In the early 1970s Martyn Lloyd Jones wondered as to how long the Lord would be long-suffering toward errant Britain. The nation's wickedness and neglect of God seemed to be at a frightful pitch. A little later an eminent Anglican scholar and preacher opined that it seemed that England had by far over-stepped the limits of divine forbearance, as if hope were nearly lost. Over the past five decades England has rapidly deteriorated and descended into utter decadence and moral defilement. Some of our political and ecclesiastical leadership have simply lost their senses and been overtaken by a spirit of delusion in an atmosphere of lawlessness. Scripture observes that every sort of evil deceives those who are perishing (it is as grave as that); "They perish because they refused to love the truth and so be saved. For this reason God sends them a powerful delusion so that they will believe the lie", or a battery of lies that Satan so artfully spreads (2 Thessalonians 2: 5-12). Our current politicians are the perfect imitation of squabbling children, caught up in the sheer naughtiness of silly notions and dangerous parliamentary motions - intellectual pretentiousness devoid of discernment.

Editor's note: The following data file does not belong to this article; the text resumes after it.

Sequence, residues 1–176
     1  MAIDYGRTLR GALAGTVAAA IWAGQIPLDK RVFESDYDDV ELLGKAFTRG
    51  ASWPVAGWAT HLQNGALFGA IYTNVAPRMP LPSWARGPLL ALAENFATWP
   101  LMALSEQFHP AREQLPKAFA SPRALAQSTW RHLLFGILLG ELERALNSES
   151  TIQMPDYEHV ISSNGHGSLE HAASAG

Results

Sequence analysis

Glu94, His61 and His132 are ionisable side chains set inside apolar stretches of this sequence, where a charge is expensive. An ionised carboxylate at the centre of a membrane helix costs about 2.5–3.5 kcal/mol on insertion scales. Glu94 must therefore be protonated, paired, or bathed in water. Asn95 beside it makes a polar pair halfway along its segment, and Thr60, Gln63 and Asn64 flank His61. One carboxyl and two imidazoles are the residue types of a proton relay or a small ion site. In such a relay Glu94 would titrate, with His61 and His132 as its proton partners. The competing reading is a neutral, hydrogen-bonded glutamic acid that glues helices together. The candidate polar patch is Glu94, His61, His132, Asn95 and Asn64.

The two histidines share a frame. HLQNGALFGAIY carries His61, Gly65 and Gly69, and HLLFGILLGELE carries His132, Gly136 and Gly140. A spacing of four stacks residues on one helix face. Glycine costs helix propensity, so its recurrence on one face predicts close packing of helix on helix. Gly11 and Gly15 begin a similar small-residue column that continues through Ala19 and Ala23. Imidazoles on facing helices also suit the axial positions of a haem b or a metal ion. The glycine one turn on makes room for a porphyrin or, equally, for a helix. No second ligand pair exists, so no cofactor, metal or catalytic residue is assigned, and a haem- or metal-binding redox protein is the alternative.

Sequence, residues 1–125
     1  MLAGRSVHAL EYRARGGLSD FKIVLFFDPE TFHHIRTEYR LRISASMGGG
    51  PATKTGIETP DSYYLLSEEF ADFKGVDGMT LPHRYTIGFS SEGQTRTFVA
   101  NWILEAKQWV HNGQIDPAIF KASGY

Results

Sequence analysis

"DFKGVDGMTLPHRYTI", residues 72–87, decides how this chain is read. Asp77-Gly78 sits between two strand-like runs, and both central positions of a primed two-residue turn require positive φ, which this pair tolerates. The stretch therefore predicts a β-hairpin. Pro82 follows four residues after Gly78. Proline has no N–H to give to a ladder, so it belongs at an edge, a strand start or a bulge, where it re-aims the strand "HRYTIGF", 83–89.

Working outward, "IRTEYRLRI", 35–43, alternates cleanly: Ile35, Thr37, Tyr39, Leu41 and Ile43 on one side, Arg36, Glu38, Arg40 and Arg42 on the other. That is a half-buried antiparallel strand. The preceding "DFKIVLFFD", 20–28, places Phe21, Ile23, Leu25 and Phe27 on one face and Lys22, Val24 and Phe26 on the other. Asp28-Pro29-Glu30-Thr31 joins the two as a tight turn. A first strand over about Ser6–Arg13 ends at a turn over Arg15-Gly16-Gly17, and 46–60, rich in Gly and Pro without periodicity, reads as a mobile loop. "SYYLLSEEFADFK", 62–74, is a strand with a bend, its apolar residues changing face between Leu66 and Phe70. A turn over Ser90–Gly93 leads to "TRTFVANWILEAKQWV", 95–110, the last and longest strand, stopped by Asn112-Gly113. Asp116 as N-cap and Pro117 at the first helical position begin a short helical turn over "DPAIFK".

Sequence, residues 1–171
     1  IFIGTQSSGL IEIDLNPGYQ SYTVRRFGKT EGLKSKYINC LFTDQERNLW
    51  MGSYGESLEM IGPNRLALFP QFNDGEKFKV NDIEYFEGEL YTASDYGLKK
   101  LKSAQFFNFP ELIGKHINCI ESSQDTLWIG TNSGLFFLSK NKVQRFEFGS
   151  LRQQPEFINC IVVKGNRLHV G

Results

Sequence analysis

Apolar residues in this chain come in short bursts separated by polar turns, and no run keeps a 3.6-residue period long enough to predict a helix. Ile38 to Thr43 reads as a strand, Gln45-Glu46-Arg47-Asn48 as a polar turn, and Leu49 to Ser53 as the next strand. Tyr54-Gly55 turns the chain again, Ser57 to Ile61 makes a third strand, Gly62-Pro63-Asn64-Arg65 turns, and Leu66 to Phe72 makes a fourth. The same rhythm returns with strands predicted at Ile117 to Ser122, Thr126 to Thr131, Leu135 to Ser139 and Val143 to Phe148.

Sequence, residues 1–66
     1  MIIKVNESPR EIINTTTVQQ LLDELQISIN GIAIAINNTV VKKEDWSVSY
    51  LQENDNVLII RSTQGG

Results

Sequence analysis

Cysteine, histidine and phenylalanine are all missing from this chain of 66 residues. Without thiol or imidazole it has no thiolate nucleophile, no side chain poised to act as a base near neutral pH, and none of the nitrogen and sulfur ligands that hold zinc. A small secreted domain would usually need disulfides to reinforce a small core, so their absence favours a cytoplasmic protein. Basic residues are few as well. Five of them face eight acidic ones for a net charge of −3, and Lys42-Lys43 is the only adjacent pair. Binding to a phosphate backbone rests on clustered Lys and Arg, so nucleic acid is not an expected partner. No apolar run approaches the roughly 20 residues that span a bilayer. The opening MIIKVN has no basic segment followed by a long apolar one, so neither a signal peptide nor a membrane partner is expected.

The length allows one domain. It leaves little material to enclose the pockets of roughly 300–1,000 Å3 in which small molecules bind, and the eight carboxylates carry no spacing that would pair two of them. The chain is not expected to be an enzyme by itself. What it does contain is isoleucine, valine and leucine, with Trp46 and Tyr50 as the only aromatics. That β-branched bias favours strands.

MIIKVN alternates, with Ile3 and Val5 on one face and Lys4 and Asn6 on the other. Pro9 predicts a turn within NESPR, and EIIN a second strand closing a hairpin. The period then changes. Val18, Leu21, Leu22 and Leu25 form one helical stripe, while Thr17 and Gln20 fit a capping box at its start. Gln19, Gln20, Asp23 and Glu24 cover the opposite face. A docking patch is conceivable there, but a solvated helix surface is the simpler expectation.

Two of our recent prime ministers, like senseless miscreant boys, have besmirched the honor of their country. Blair aspired to creating London as a haven of "gay" attraction and amusement, and Cameron introduced the legislation for the false notion of "marriage" for same sex couples. The promotion of current evils is highly energetic and well organized. According to Rolling Stone magazine, one wealthy and enthusiastic promoter of sexual license and the wrongs that prevail has very deliberately pledged a strong, well-funded campaign in the American South (not necessarily a region of biblical orthodoxy) for the overthrow of detested Christian ethics.